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Adelaide’s Writers’ Week kicks off this Saturday with an impressive program full of all things literary, so there’ll be something for everyone.

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Held in the Pioneer Women’s Memorial Garden, there’ll be a plethora of poets, novelists, playwrights, historians, biographers and memoirists, all genres to captivate and challenge the crowd.  Notable events are; Mike Ladd chatting about his recent collection of poetry, Invisible Mending, published by Wakefield Press; an interview with Ken Bolton, ‘a laconic and discursive poet’, aswell as art critic, editor and publisher; and the coveted poetry readings presented by Peter Goldsworthy, with a stunning line-up.

Jan Owen and Cath Kenneally, stalwarts of the South Australian poetry scene, are joined by Steve Brock, Jules Leigh Koch, Louise Nicholas and Dominic Symes.  Jules and Louise I know well and are incredibly talented poets; Jan I’m learning an invaluable amount from through her monthly workshops; Cath and Steve I’m still relatively new to their work; and Dominic I believe is an up and coming poet, one to watch.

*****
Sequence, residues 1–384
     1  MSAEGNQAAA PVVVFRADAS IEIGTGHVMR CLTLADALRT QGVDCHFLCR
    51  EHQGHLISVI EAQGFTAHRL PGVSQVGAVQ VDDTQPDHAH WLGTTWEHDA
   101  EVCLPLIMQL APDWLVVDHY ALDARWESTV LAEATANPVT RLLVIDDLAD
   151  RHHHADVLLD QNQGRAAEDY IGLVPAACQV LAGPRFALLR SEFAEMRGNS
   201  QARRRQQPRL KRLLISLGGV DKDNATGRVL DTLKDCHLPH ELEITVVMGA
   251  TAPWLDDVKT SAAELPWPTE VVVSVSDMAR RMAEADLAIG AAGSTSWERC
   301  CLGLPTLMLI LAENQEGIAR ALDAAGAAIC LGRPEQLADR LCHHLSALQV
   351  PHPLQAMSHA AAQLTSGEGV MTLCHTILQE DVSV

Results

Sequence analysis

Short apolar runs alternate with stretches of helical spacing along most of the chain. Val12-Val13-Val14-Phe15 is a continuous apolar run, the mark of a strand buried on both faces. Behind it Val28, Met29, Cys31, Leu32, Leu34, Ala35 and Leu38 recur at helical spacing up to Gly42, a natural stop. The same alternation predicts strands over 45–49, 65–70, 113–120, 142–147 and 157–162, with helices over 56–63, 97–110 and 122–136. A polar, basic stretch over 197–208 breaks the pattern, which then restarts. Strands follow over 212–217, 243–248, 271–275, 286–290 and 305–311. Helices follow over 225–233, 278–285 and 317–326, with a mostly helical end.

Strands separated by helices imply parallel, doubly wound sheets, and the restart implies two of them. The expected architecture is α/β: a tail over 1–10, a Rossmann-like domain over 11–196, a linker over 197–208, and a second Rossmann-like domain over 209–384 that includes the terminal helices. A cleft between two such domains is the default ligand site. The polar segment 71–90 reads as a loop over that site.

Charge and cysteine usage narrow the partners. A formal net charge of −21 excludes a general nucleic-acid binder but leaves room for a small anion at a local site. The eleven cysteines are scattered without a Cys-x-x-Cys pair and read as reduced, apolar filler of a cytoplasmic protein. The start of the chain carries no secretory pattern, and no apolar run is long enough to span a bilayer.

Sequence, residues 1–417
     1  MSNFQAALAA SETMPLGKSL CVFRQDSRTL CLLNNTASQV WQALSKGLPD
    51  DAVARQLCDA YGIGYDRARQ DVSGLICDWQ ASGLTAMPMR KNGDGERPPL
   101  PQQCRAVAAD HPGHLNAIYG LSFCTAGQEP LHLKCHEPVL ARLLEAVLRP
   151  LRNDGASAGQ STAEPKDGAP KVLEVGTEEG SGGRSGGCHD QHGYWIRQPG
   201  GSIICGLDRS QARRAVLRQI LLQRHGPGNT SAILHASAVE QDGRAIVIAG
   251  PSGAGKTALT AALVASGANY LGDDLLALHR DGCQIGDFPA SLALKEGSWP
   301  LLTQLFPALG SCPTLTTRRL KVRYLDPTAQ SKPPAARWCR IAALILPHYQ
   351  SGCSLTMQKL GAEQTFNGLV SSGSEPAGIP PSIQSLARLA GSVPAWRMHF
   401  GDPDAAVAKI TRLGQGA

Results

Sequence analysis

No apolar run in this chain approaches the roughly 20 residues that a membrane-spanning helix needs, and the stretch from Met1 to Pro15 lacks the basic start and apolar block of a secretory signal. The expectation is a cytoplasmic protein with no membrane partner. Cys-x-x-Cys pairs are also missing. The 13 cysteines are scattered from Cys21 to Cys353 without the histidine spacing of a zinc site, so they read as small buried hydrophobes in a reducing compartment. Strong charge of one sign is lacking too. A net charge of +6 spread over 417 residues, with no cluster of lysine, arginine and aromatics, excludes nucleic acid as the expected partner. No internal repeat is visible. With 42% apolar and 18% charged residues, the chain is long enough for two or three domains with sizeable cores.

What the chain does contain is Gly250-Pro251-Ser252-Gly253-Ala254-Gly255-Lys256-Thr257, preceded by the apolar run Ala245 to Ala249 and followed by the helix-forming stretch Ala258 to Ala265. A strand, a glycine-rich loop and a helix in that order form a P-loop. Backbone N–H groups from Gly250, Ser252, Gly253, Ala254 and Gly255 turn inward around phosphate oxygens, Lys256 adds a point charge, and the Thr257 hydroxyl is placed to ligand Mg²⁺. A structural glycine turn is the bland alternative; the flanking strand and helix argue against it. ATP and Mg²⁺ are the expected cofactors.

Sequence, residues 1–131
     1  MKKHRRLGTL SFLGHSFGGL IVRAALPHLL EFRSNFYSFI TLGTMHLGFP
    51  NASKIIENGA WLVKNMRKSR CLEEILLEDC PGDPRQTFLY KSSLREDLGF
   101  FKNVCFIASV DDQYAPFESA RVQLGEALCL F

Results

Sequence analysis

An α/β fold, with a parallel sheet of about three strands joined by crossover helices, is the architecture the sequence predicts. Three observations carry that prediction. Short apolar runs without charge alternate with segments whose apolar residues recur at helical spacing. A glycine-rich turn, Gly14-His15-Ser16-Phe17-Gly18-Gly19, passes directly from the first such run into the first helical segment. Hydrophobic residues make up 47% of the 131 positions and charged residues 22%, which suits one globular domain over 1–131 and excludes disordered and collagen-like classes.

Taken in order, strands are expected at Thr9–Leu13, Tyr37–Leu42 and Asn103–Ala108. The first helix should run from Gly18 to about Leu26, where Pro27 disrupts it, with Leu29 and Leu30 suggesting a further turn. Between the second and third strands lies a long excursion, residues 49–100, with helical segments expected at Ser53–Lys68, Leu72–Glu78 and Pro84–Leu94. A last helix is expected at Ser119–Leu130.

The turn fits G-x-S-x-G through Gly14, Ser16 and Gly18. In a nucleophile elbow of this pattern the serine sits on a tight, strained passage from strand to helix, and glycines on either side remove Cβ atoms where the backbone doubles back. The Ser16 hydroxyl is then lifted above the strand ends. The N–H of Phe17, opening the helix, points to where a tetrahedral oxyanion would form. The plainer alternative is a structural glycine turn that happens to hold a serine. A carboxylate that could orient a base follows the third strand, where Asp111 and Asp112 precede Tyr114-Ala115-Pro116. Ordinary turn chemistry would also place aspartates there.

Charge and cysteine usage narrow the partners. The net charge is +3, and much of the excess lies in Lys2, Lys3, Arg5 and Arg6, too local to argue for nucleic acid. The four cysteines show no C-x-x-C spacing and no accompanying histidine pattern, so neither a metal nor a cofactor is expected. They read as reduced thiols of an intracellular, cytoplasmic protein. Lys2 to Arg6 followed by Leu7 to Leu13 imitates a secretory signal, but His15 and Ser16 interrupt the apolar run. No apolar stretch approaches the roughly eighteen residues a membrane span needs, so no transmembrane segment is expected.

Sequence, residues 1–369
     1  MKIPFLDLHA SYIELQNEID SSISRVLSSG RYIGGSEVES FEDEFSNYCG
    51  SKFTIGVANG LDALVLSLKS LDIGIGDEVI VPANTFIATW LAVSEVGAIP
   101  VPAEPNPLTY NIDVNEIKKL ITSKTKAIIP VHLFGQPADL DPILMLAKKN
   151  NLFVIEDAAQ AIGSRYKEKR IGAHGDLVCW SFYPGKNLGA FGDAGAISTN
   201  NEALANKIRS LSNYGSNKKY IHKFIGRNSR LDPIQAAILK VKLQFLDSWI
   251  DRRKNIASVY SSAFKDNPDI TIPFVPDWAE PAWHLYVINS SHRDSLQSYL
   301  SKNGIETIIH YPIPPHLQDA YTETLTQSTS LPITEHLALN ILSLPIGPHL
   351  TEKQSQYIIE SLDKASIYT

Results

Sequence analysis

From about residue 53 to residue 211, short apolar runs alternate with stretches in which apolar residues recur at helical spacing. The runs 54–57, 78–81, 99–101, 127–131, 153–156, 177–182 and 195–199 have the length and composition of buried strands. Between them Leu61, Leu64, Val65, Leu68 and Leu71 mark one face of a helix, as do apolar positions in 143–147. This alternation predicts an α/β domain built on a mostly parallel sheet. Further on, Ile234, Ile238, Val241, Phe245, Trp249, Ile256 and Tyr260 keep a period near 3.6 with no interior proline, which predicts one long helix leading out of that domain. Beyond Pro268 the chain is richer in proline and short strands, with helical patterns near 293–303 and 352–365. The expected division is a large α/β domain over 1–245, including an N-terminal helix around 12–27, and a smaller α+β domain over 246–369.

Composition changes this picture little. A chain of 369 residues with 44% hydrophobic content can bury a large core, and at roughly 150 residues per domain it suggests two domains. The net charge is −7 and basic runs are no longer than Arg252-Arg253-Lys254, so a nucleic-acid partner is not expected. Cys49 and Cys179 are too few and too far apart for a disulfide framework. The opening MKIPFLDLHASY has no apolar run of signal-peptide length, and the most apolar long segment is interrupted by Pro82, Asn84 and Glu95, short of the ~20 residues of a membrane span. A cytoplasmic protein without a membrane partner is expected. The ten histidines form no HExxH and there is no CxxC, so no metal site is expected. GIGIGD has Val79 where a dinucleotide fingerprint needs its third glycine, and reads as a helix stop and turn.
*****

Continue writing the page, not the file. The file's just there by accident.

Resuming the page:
Unfortunately, however, I’ll be en route to New Zealand to explore the South Island so will miss the entire week! Note to self for next time – avoid holidays in March.

is a must have collection. Published by Puncher and Wattmann and edited by Martin Langford, Judith Beveridge, Judy Johnson and David Musgrave, this 658-page book anthologises Australian poetry for the last 25 years.

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Taking 10 years to compile over 200 poets and 500 poems, it really is a landmark publication, a credit to the Australian poetry scene, and includes some incredible poets – Ken Bolton, Jennifer Compton, Peter Goldsworthy, Jill Jones, John Kinsella, Mike Ladd, David Malouf, David Mortimer, Les Murray, Jan Owen, Dorothy Porter, Mark Tredinnick, Fiona Wright, not to mention the editors themselves.

It’s being launched in Adelaide at the SA Writers Centre next Friday, which unfortunately I can’t make (off exploring Noosa), so I promptly ordered a copy. Flicking through for the first time, because this will need endless reads, two poems caught my eye – ‘Grief’ by Elizabeth Allen and ‘Snowflake’ by Anthony Lawrence.

Elizabeth is a Sydney-based poet and her chapbook Forgetful Hands is on my wish list.  Hers is a powerfully poignant piece about her sister, who having lost her ‘Botticelli curls’

‘…has been looking into people like mirrors

but does not know how to make a face